Thursday, September 22, 2011

Pay for Play?

This past basketball season there wasn’t a day that went by that I didn’t either see Jimmer Fredette t-shirts, hear a YouTube song about him or ESPN commentators talk about his crossover and 3 point shot. In this frenetic atmosphere that we proudly christened Jimmer-mania, many people saw the opportunity to make a buck. Corporate tycoons like ESPN, local entrepeneurs, and even the university and its affiliates saw great financial gains as a result of the national exposure surrounding The Jimmer. Out of all the money that was made because of Jimmer Fredette not one dime came back to him as a college-athlete.

As of today it is prohibited for college student-athletes to be paid. They receive money for their tuition, books and boarding, as well as an opportunity at a college degree. However, unlike most other college students, they are not allowed to have jobs during the school year. Subsequently, many college athletes get into financial trouble their first year of college while the schools are making millions from their services. I am in favor of paying college athletes due to the financial needs of the students, and because they are the reason the money is being made.

Michael Wilbon, an ESPN columnist, while explaining if the money would be divided up evenly among all athletes gave a compelling argument explaining why they deserve the money in the first place. ”Let me declare up front I wouldn't be the slightest bit interested in distributing the funds equitably or even paying every college athlete. I'm interested in seeing the people who produce the revenue share a teeny, tiny slice of it. That's right, football and men's basketball players get paid; lacrosse, field hockey, softball, baseball, soccer players get nothing. You know what that's called? Capitalism. Not everything is equal, not everything is fair. The most distinguished professor at the University of Alabama won't make $5.9 million in his entire tenure in Tuscaloosa; Nick Saban will make that this year. So I don't want to hear that it's ‘unfair’ to pay the quarterback of Alabama more than all the sociology students in the undergraduate college.”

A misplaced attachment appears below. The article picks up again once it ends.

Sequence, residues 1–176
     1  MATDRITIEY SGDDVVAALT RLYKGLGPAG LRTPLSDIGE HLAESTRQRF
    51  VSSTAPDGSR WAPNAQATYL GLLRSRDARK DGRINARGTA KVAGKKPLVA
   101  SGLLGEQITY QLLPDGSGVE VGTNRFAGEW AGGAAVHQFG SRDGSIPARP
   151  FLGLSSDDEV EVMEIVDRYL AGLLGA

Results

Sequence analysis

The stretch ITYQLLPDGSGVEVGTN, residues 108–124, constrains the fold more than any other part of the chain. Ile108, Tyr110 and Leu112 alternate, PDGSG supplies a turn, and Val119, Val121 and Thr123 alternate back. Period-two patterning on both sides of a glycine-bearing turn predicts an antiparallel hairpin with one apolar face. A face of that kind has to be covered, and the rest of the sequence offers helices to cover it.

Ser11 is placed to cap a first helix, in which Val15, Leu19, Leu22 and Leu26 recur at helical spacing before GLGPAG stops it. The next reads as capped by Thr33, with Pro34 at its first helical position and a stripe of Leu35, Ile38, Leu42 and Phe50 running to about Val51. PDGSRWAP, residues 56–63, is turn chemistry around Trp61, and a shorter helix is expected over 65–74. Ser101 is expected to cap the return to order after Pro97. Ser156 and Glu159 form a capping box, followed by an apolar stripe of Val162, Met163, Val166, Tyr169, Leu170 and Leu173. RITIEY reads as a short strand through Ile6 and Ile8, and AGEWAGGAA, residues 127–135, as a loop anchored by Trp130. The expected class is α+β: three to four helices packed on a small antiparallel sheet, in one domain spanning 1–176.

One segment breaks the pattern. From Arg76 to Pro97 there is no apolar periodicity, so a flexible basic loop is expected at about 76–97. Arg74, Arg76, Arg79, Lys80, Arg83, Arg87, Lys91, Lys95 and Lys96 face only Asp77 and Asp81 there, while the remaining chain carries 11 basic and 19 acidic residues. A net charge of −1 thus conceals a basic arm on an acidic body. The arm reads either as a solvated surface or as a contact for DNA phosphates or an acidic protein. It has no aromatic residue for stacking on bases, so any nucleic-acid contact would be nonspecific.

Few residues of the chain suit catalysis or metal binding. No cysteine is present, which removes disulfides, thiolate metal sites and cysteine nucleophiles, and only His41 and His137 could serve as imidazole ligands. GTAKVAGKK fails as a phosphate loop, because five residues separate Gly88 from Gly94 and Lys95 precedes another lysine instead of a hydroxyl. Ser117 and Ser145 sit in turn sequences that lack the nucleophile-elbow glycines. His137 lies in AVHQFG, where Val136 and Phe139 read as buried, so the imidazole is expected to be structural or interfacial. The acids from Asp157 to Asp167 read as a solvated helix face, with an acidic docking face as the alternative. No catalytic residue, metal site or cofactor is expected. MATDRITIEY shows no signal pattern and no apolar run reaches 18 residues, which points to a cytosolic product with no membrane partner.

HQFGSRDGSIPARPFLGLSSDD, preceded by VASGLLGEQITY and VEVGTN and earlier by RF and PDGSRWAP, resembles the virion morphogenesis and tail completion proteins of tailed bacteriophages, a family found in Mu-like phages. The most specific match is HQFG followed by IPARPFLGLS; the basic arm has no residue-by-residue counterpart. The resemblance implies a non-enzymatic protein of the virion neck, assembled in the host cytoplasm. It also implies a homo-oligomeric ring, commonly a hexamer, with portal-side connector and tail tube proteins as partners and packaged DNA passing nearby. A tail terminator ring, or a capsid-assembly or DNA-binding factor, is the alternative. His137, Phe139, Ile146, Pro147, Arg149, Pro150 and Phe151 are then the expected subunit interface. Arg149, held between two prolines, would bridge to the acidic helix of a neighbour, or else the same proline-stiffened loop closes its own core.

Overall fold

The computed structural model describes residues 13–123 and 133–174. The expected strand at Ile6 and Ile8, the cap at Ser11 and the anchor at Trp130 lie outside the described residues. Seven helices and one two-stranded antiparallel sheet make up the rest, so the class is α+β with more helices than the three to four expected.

There are several opposing arguments against paying college athletes. Some say that it takes away from the integrity of the game. My response is that the integrity of the college game as already tainted. It is common knowledge that Cam Newton’s father took over $180,000 from someone associated with Auburn University last year. The University of Oregon is under investigation for paying one of their running backs $25,000 for his services. The former Ohio State football coach Jim Tressel stepped down from his position this summer because of several of his players receiving “improper benefits” from a tattoo parlor. The University of Miami’s football program could be under severe penalty from the NCAA for receiving “improper benefits” from ponzi schemer Bernie Madoff. If we were paying college athletes a reasonable stipend, the athletes would be less likely to accept illegal payments that ruin the integrity of the game.

The main question brought up when we talk about paying the student-athletes is, “where is the money going to come from?” I ask where does the money come from now? For BYU, our football players’ scholarship money, (tuition, books, rent) comes from boosters. The University of Alabama pays their coach, Nick Saban, much more than most other schools. The way they are able to do this is because boosters and alumni came up with millions of dollars a year apart from what the university promised to pay him. Just as they raised money for the coach they can raise money for the players. And thus we can see, boosters represent a real means of obtaining the funding we could use to pay the student-athletes.